I was confused by how a religious minority fleeing persecution and threats to their lives (i.e. refugees) constitutes a form of “jihad”. My understanding of jihad is that it involves charging towards your enemy, not away from them.

But, of course, I would say that. I am, after all, a “Muslim” – even if I profess to be an atheist – and we Muslims are experts in the dark art of “taqiyya”. And what is that, you may wonder?

Spencer’s highly authoritative Jihad Watch website, one of the last dams struggling to hold back the Islamic tsunami, describes the concept of “taqiyya” in its succinct guide, Islam 101. “Systematic lying to the infidel, must be considered part and parcel of Islamic tactics,” it explains. “The natural attitude of a Muslim to the infidel world must be one of deception and omission.”

Now I have to confess that I (and my Muslim friends) had never heard of taqiyya until I started seeing it mentioned by rightwing pundits. Curious, I started to dig for more information.

According to the Islamic sources I could find, taqiyya, it turns out, is a Shia concept which dates back to the eighth century when the Shia (i.e. Party of Ali) were a small and vulnerable minority and the newly minted Abbasid caliphate persecuted them when they revolted in rejection of the dynasty’s legitimacy.

At that time of grave danger, the Sixth Shia Imam, Ja’far al-Sadiq, ruled that it was permissible to conceal one’s beliefs in order to avoid persecution or death – though not if it endangers the life of another person – as long as the believer remained true to the faith in their hearts.

It sounds rather like how many early Christians eluded persecution by hiding their faith and living as “crypto-Christians”, practising their religion in secret while sometimes even observing the rituals of another faith.

But what’s with this “what-aboutery”? Everyone knows that Christianity is completely different to Islam.

In fact, unintentionally and with a naturalness that sends a chill down my spine, I have just caught myself red-handed in the act of practising “taqiyya about taqiyya”, i.e. dissimulating about dissimulation.

Perhaps it is because I have been under deep cover for so long that my mind has grown soft and confused under the plush duvet of Western living, where I have slumbered for so many years in my centrally located, highly sought-after sleeper cell.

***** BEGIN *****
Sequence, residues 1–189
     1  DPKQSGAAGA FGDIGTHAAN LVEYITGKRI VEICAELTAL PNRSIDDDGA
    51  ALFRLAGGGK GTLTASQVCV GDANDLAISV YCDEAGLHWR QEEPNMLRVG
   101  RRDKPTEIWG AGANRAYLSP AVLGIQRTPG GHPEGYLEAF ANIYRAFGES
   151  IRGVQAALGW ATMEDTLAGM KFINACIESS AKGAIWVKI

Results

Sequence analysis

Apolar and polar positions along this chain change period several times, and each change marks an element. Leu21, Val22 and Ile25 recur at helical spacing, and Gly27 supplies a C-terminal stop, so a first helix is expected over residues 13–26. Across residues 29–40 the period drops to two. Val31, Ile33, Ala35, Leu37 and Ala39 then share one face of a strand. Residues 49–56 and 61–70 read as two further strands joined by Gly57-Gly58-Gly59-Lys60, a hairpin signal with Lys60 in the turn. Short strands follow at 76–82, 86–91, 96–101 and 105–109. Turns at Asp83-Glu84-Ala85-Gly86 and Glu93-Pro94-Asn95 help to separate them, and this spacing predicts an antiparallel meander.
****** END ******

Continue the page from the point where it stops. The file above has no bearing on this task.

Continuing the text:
And it’s been a long slumber. As a member of the advance guard sent out to plot the Islamisation of Europe and to build a Eurabian utopia, my mission is to pave the way for my migrant jihadi brothers and sisters (“refugee” is the taqiyya term) – and finally they’re arriving.

In the process, I have built up a highly convincing profile to pull the wool over the eyes of an unsuspecting, naïve and trusting Europe. The cover I have chosen is that of a progressive, enlightened, feminist and secularist. I even indulge in all those sinful Western ways, am married to a blue-eyed European and have produced a blonde child, who I plan to train in the dark art of dissimulation in the hope that he surpasses his father while looking like the enemy.

Though we usually prefer the sword, we also recognise the value of the word – you know, to win hearts and minds. And that is why I pose as a journalist and writer. Despite my secular writings, some sharp and astute observers have seen through my deception and penetrated my façade, cleverly identifying me as a closeted “Islamofascist”.

Despite my pride in what I have achieved, fairness compels me to admit that I am small fry. The crowning achievement of our Secret Society for Islamisation (SecSI) has to be our man in the White House, Barack Hussein Obama.